Bank of Canada’s Paul Beaudry says cryptos don’t threaten the economy
- Per Beaudry, cryptos have not yet reached adoption levels that can threaten financial systems.
- The central banker claims rising crypto adoption could introduce vulnerabilities in economies.
- Beaudry believes cryptos are speculative assets, but stablecoins can disrupt payments.
Paul Beaudry, the Deputy Governor of the Bank of Canada, believes the crypto space does not pose a significant threat to the financial system, at least not at the moment. He shared his thoughts on the matter during the Ontario Securities Commission Dialogue 2021 on November 23.
During the forum, Beaudry said cryptos have not yet attained adoption levels that can threaten the economy. The central bank official added that the Bank of Canada has been keeping an eye on the crypto sector.
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He, however, noted that the central bank does not think the crypto industry is developing in a way that creates a systemic type of risk for the Canadian financial system.
According to him, cryptos are very removed from the country’s financial system. Nonetheless, he believes that the crypto industry could potentially create a vulnerability in Canada’s economy if it continues growing and getting more adoption from retail investors.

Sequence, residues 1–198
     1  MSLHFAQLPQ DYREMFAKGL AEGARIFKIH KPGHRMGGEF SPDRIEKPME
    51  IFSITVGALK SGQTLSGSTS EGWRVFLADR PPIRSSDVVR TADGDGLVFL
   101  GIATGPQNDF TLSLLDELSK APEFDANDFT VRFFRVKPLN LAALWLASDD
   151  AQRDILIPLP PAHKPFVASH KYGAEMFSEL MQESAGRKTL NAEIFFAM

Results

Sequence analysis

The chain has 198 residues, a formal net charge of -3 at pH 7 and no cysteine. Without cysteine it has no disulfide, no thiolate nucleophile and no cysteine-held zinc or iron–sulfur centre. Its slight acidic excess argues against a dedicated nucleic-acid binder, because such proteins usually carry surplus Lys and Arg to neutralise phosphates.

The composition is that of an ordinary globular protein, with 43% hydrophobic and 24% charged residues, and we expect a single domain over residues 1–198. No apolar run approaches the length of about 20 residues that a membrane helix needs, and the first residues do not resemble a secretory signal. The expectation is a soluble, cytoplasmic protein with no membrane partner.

Beaudry added that the Bank of Canada has not yet reached a point where it considers crypto a massive risk for the economy. Even so, he asserted that the authority is keeping a close eye on the rapidly-growing digital asset sector.
Most cryptos do not play a role in payments
The central banker added that although enthusiasts tout most cryptos as payment options, they do not play a significant role in payments. He further noted that most of the coins in the market are speculative assets.
However, Beaudry believes stablecoins, which are dissimilar to conventional cryptos like Bitcoin (BTC/USD), have the potential to disrupt payments.
He added that the Bank of Canada is observing how things are playing out in the stablecoin market. Beaudry claims it is important to monitor how the payments system is evolving and the different players that are driving this evolution. In so doing, he believes central banks would be in a position to distinguish the roles that various coins play.
This news comes as Canada continues positioning itself as a crypto-friendly jurisdiction. In February this year, the country approved the first ETF based on BTC’s spot market.
Additionally, it opened its doors to BTC miners after China’s ban. According to data from the Cambridge Bitcoin Electricity Consumption Index, Canada was the fourth-largest BTC hashrate generator as of August.
Canada’s regulators also gave Fidelity Investments the go-ahead to launch the first institutional BTC custodial service earlier this month.